The evidence for using pure EPA either alone, or as an adjunct to pharmacotherapies for managing mood disorders continues to increase. With EPA’s multifaceted anti-depressant mechanisms of action, it is increasingly clear that identifying individuals who are ‘at risk’ (either due to low omega-3 levels or high inflammatory status) is a useful approach to maximise intervention success. Combining the omega-3 index, to identify baseline levels of EPA and DHA, with the AA to EPA ratio, to identify an individual’s potential ‘inflammatory status’, allows an omega-3 intervention to be designed specifically in line with current individual omega-3 needs and likelihood of response to the chosen intervention.

 

  1. Rapaport MH, Nierenberg AA, Schettler PJ, Kinkead B, Cardoos A, Walker R, Mischoulon D: Inflammation as a predictive biomarker for response to omega-3 fatty acids in major depressive disorder: a proof-of-concept study. Molecular psychiatry 2015.
  2. Howren MB, Lamkin DM, Suls J: Associations of depression with C-reactive protein, IL-1, and IL-6: a meta-analysis. Psychosom Med 2009, 71:171-186.
  3. Lopez-Jaramillo P, Gomez-Arbelaez D, Lopez-Lopez J, Lopez-Lopez C, Martinez-Ortega J, Gomez-Rodriguez A, Triana-Cubillos S: The role of leptin/adiponectin ratio in metabolic syndrome and diabetes. Hormone molecular biology and clinical investigation 2014, 18:37-45.
  4. Martins JG: EPA but not DHA appears to be responsible for the efficacy of omega-3 long chain polyunsaturated fatty acid supplementation in depression: evidence from a meta-analysis of randomized controlled trials. J Am Coll Nutr 2009, 28:525-542.
  5. Sublette ME, Ellis SP, Geant AL, Mann JJ: Meta-analysis of the effects of eicosapentaenoic acid (EPA) in clinical trials in depression. J Clin Psychiatry 2011, 72:1577-1584.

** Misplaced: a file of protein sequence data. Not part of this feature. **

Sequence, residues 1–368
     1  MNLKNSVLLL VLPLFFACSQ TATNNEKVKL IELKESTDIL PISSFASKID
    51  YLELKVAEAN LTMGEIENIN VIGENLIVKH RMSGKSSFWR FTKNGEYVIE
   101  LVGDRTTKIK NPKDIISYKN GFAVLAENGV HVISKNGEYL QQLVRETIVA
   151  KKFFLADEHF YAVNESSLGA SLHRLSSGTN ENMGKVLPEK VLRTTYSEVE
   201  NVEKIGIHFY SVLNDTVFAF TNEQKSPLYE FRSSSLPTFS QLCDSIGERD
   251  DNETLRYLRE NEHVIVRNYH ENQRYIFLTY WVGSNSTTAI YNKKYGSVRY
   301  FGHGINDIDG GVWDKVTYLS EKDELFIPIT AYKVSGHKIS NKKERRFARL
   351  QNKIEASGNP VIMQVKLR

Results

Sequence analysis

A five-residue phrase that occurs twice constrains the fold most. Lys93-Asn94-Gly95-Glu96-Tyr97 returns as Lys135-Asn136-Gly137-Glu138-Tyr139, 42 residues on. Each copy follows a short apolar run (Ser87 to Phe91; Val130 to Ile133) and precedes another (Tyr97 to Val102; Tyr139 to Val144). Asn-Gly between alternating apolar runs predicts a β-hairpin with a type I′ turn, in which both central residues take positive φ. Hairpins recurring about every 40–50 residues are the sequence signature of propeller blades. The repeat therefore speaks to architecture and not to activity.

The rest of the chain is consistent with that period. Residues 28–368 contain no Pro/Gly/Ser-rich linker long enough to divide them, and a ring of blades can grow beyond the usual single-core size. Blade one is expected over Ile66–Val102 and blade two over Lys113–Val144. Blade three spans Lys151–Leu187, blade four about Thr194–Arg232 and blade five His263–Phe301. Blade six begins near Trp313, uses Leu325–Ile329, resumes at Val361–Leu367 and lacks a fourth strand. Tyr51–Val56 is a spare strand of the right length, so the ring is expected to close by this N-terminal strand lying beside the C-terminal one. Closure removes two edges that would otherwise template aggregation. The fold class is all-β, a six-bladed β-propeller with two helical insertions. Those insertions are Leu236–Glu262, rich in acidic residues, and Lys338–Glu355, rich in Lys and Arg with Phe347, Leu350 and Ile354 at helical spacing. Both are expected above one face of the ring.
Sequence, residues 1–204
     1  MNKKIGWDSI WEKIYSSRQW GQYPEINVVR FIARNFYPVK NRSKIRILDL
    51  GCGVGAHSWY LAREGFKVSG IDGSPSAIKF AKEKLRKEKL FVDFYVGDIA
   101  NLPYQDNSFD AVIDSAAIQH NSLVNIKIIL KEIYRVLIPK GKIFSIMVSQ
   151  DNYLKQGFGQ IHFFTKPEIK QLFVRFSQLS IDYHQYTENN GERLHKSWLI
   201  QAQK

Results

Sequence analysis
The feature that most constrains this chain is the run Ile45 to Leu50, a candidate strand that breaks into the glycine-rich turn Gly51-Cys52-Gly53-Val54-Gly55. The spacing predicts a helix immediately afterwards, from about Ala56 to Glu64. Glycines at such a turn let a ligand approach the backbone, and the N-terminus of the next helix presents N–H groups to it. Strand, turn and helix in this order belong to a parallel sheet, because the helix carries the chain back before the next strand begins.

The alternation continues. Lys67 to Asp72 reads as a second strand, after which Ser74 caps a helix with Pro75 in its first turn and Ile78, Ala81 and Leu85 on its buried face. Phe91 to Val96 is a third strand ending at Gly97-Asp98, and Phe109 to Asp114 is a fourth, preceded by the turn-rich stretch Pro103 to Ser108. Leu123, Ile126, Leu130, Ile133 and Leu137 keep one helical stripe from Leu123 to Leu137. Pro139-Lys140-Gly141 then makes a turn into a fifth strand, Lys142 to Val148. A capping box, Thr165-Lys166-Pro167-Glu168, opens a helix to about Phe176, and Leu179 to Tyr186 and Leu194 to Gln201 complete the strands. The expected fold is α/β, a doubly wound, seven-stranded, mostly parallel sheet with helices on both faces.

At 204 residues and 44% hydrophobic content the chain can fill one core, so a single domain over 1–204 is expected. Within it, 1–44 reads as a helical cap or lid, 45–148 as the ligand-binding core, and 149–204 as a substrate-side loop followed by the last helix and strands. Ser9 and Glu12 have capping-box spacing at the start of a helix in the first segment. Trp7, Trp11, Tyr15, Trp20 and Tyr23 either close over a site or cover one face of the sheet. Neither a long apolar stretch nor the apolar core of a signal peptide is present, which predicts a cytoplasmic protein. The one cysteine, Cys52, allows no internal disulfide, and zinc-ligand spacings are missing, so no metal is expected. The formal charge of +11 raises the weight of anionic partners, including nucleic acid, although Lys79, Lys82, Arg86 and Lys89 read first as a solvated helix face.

6. Grosso G, Pajak A, Marventano S, Castellano S, Galvano F, Bucolo C, Drago F, Caraci F: Role of omega-3 fatty acids in the treatment of depressive disorders: a comprehensive meta-analysis of randomized clinical trials. PLoS One 2014, 9:e96905.
  7. Mozaffari-Khosravi H, Yassini-Ardakani M, Karamati M, Shariati-Bafghi SE: Eicosapentaenoic acid versus docosahexaenoic acid in mild-to-moderate depression: a randomized, double-blind, placebo-controlled trial. Eur Neuropsychopharmacol 2013, 23:636-644.
  8. Jazayeri S, Keshavarz SA, Tehrani-Doost M, Djalali M, Hosseini M, Amini H, Chamari M, Djazayery A: Effects of eicosapentaenoic acid and fluoxetine on plasma cortisol, serum interleukin-1beta and interleukin-6 concentrations in patients with major depressive disorder. Psychiatry Res 2010, 178:112-115.
  9. Balanza-Martinez V, Fries GR, Colpo GD, Silveira PP, Portella AK, Tabares-Seisdedos R, Kapczinski F: Therapeutic use of omega-3 fatty acids in bipolar disorder. Expert review of neurotherapeutics 2011, 11:1029-1047.
  10. Balanza-Martinez V, Cuesta MJ, Arango C, Crespo-Facorro B, Tabares-Seisdedos R: Longitudinal course of cognition in schizophrenia. The British journal of psychiatry : the journal of mental science 2009, 195:84; author reply 85.
  11. Su KP, Lai HC, Yang HT, Su WP, Peng CY, Chang JP, Chang HC, Pariante CM: Omega-3 fatty acids in the prevention of interferon-alpha-induced depression: results from a randomized, controlled trial. Biol Psychiatry 2014, 76:559-566.

 

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Personalising omega-3 treatment for optimal results using a biomarker-based approach, by Dr Nina Bailey
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Dr Nina Bailey

About Dr Nina Bailey

Nina is a leading expert in marine fatty acids and their role in health and disease. Nina holds a master’s degree in Clinical Nutrition and received her doctorate from Cambridge University. Nina’s main area of interest is the role of essential fatty acids in inflammatory disorders. She is a published scientist and regularly features in national health publications and has featured as a nutrition expert on several leading and regional radio stations including SKY.FM, various BBC stations and London’s Biggest Conversation. Nina regularly holds training workshops and webinars both with the public and health practitioners.